Monday, December 22, 2008

Rules #1 and #2 for Waiters

I started this blog originally as a place to vent my spleen about various unsatisfactory experiences in restaurants. I am, how you say, a jerk, and I'm easily annoyed by incompetent wait staff.

Actually, I'm usually more annoyed at the restaurant that failed to train their staff properly. But it ends up being the same thing: a disappointing dining experience for me. That is partly why I don't eat in restaurants too often, except for quick and cheap lunches during the workday. (The real reason -- that I'm cheap -- is too embarrassing to mention here.)

Why do I feel qualified to express my opinion? Who am I kidding? I'm not qualified. But I did work in some excellent restaurants in my youth in Mendocino, and learned all aspects of the restaurant business, both front and back, from some of the best. I know good service when I encounter it, and it's a delight.

Anyway, there are two Most Important Rules about waiting tables that I want to emphasize, even though I covered it in an earlier blog post:

Rule #1: Make eye contact.

Dear Waiter... How do you know when to approach a table in your station, and when to leave them alone? If your boss told you that you must always visit the table shortly after serving and ask if everything is OK, then your boss is an idiot. It's really much easier than that...

Here's what you do: You merely walk past your tables and glance in their direction. If a customer doesn't look at you, then they don't want to talk to you. You never need to ask, "Is everything OK?" or, God forbid, "Are you still working on that?"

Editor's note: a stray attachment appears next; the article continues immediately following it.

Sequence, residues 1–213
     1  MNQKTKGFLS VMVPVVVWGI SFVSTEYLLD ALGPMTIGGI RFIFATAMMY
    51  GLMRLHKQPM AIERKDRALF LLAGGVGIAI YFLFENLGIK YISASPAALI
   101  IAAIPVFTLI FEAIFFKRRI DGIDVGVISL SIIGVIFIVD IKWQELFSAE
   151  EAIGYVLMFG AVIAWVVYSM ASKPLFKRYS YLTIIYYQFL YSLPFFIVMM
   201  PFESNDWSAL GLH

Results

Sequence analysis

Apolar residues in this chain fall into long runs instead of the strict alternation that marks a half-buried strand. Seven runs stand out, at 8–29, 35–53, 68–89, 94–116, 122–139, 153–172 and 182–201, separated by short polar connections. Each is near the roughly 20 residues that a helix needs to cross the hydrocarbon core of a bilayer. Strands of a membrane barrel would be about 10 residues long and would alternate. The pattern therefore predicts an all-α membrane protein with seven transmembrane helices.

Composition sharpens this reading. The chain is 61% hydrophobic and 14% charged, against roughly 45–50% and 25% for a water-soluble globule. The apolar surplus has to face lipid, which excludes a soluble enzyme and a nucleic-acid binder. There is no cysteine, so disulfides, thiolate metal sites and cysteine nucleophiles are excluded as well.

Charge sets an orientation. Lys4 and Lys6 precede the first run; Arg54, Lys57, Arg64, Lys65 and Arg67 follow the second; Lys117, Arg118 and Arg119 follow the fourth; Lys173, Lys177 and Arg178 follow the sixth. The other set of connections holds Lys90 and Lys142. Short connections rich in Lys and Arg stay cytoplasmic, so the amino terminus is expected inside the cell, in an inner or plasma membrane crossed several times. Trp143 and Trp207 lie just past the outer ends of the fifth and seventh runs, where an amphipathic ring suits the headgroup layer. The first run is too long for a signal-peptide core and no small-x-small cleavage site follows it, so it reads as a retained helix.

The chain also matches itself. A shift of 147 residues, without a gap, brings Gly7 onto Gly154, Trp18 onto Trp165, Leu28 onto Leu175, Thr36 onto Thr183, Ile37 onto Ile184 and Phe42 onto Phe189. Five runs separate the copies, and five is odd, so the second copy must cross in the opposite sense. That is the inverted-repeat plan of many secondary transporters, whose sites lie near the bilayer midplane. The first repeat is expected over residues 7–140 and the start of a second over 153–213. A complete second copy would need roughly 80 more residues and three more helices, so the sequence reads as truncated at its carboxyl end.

Really really, you do not need to ask if I'm enjoying my food while I'm still chewing it. Not only have you interrupted the meaningful (or trite) conversation at our table, but you've basically forced me to be rude by either ignoring you or talking with my mouth full of your wonderful food. Bad waiter!

Seriously, this little bit of waiter-etiquette is fading into memory. Everybody is apparently now being trained in the "The more you ask if everything's OK, the bigger your tip will be" school of waiterly annoyance. The number of times I've been able to enjoy a good meal in a restaurant without being harassed by an overly chatty waiter is... well, it's a depressingly small number.

Rule #2: Be personal but not intimate.

We used to make fun of the eccentric kook waiter who would stand casually at our table (or, God forbid, sit down in our booth!) and tell us his name. ("Hi, I'm Seashell and I'll be your server today.")

Dammit-all if the eccentric kook hasn't become the norm! Somewhere along the line, this "introduce yourself and make small talk with your customers" philosophy has become standard operating procedure for wait staff.

I'm very sorry, and I'm sure you're a wonderful person, but no, I don't care what your name is. And I am not here to make friends, at least not with you. I was hoping you'd take my order and then disappear, like morning fog lifting off the fairway grass, beautifully and without a sound.

To be fair, some people love it when a waiter disgorges personal information and hovers about like long-lost pals at a high school reunion. I'm not one of them.

One of the best waiters I ever had the pleasure of working with -- Robert, at the Cafe Beaujolais in Mendocino -- this goes back 25 years -- taught me this basic rule... The best waiters are like polite and benevolent spirits. You hardly notice them at all, but you always have just what you need, when you need it.

The point is... the customers in a restaurant come in to enjoy each other's conversation, not yours. Let them be.

Monday, December 8, 2008

A Picture's Worth a Thousand Words

Some times you leave your waiter a tip. Sometimes, you leave feedback in other forms. Who is to say what's more valuable? Not me...

Check out this great photo-blog post, This is why your server is cranky, on the blog:

Thursday, July 24, 2008